Sen. Joe ManchinJoseph (Joe) ManchinHillicon Valley: Facebook removes Trump post | TikTok gets competitor | Lawmakers raise grid safety concerns OVERNIGHT ENERGY: Court cancels shutdown of Dakota Access Pipeline | US could avoid 4.5M early deaths by fighting climate change, study finds | Officials warn of increasing cyber threats to critical infrastructure during pandemic Officials warn of increasing cyber threats to critical infrastructure during pandemic MORE (D-W.Va.) said Tuesday that Senate Majority Leader Harry ReidHarry Mason ReidMcConnell goes hands-off on coronavirus relief bill Kamala Harris to young Black women at conference: 'I want you to be ambitious' Obama calls filibuster 'Jim Crow relic,' backs new Voting Rights Act bill MORE (D-Nev.) has personally promised him that Senate Democrats would not pursue a cap-and-trade bill during the next Congress. 

On a conference call with West Virginia reporters, Manchin said, "I got his commitment that cap-and-trade will definitely not be on the agenda and won't be on the agenda during the next Congress," according to the Associated Press. 


Manchin was sworn in Monday, but with an eye toward 2012, he already worked to reassure West Virginia voters that he won't be in lockstep with the Senate Democratic leadership. 

The National Republican Senatorial Committee blasted Manchin for backing Reid in Tuesday's Senate leadership elections even though no other Democrat ran for the top leadership spot.

In a release, the NRSC said Manchin "voted in lockstep with the Obama Democrats to keep anti-coal U.S. Senator Harry Reid as Senate Majority Leader."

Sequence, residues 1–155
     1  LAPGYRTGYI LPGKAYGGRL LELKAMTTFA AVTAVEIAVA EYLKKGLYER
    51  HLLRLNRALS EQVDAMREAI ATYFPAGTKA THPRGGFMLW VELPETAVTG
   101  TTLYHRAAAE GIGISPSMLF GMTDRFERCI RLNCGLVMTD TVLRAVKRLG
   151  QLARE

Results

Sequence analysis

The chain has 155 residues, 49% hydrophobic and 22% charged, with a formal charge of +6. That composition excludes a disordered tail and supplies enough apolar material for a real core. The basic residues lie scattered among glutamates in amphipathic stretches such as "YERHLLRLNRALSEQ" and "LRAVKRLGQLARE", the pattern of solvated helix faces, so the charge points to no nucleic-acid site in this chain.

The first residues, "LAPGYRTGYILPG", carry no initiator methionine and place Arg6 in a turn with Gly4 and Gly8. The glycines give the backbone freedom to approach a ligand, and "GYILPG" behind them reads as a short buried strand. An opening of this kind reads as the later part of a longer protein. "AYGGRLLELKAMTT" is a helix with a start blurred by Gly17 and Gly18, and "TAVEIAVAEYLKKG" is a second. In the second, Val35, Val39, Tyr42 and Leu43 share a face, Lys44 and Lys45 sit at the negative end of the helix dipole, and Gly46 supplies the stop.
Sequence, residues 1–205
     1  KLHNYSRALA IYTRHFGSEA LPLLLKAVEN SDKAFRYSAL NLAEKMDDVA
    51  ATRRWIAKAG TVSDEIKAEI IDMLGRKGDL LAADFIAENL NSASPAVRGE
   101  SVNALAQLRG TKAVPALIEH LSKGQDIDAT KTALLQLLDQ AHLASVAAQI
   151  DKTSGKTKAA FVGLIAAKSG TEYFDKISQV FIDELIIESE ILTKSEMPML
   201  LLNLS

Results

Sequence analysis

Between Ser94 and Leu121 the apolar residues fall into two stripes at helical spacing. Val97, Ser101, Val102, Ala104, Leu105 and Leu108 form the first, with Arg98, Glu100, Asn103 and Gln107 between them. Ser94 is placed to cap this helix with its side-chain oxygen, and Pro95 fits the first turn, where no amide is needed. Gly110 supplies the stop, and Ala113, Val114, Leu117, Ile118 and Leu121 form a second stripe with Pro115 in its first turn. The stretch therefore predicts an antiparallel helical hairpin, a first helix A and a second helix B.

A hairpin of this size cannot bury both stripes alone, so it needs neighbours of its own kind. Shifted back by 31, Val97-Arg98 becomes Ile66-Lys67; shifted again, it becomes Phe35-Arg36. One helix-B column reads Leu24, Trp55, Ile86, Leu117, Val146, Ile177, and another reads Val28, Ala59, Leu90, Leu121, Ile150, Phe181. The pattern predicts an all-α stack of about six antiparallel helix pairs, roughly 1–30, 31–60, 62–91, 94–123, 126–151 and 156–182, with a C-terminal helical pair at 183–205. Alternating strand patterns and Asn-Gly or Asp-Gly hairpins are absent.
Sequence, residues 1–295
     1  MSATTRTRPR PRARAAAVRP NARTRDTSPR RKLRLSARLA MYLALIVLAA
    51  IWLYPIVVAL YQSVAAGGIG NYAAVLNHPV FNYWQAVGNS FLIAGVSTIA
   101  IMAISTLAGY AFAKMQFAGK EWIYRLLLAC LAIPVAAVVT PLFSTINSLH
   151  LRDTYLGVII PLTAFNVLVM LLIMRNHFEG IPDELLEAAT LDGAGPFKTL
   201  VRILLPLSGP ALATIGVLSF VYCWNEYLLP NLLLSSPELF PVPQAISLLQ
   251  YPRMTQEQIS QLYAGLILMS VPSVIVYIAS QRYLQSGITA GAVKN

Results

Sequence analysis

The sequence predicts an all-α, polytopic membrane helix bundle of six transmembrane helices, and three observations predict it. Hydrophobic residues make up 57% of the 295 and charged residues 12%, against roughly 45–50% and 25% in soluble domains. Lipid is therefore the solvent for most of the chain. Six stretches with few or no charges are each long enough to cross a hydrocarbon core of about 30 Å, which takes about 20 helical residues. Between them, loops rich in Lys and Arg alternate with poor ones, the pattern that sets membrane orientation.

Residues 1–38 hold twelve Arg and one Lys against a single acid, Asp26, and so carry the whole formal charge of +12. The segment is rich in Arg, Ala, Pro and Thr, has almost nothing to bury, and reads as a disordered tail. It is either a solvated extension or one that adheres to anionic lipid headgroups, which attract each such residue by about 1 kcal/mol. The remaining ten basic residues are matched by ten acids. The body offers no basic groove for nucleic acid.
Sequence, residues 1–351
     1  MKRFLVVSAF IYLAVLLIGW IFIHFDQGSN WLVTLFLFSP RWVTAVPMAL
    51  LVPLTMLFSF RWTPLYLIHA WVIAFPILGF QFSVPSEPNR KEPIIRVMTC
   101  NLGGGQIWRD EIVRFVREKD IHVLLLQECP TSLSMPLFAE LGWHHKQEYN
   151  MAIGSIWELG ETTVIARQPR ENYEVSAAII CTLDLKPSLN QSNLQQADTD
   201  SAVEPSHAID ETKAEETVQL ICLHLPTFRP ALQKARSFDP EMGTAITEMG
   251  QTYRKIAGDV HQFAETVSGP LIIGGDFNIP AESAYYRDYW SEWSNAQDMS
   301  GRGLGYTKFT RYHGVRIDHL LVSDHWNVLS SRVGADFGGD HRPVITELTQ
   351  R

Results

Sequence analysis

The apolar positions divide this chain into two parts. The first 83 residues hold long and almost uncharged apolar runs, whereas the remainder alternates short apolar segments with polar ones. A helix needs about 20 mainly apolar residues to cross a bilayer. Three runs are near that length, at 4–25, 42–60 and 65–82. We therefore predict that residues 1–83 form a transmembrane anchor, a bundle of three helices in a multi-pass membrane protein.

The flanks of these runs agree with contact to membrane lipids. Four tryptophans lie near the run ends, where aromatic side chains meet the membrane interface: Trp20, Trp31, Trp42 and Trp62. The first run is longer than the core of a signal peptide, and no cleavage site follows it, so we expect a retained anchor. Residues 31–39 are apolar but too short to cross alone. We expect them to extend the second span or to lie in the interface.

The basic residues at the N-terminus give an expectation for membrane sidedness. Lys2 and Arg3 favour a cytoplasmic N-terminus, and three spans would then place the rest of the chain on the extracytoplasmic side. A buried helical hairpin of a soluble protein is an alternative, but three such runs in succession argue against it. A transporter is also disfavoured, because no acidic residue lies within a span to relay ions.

The committee also hit Sens. Claire McCaskillClaire Conner McCaskillDemocratic-linked group runs ads in Kansas GOP Senate primary Trump mocked for low attendance at rally Missouri county issues travel advisory for Lake of the Ozarks after Memorial Day parties MORE (D-Mo.), Jon TesterJonathan (Jon) TesterThe Hill's Morning Report - Presented by Facebook - At loggerheads, Congress, White House to let jobless payout lapse Overnight Defense: Senate poised to pass defense bill with requirement to change Confederate base names | Key senator backs Germany drawdown | Space Force chooses 'semper supra' as motto Democrats call for expedited hearing for Trump's public lands nominee MORE (D-Mont.) and Ben Nelson (D-Neb.) with the same attack Tuesday. 

The conservative Democrat took pains to separate himself from President Obama and Democratic leaders during his special election race against Republican businessman John Raese, who painted him as a rubber-stamp for Obama. 

Manchin famously shot a hole through a copy of the cap-and-trade bill in one campaign ad. 

Still, Manchin is already looking over his shoulder in anticipation of 2012, as many state and national Republicans are hopeful Rep. Shelley Moore CapitoShelley Wellons Moore CapitoAnalysis finds record high number of woman versus woman congressional races Former VA staffer charged with giving seven patients fatal insulin doses Senate GOP hedges on attending Trump's convention amid coronavirus uptick MORE (R-W.Va.) might run against the Democrat in two years.  

After passing on a Senate run earlier this year, Capito has yet to give any indication as to whether she's weighing a run against Manchin in 2012, but the governor's race is also a possibility. 

A positive for Manchin — his favorables remain sky-high among West Virginia voters even after his bruising special election battle with Raese. 

Numbers released Monday from West Virginia-based pollster Mark Blankenship show Manchin remains the state's most popular politician, just ahead of Capito.  

Overall, 80 percent of voters have a favorable opinion of Manchin, compared to 77 percent who hold a favorable opinion of Capito. 

Obama's numbers in the state are still poor — just 40 percent hold a favorable view of the president.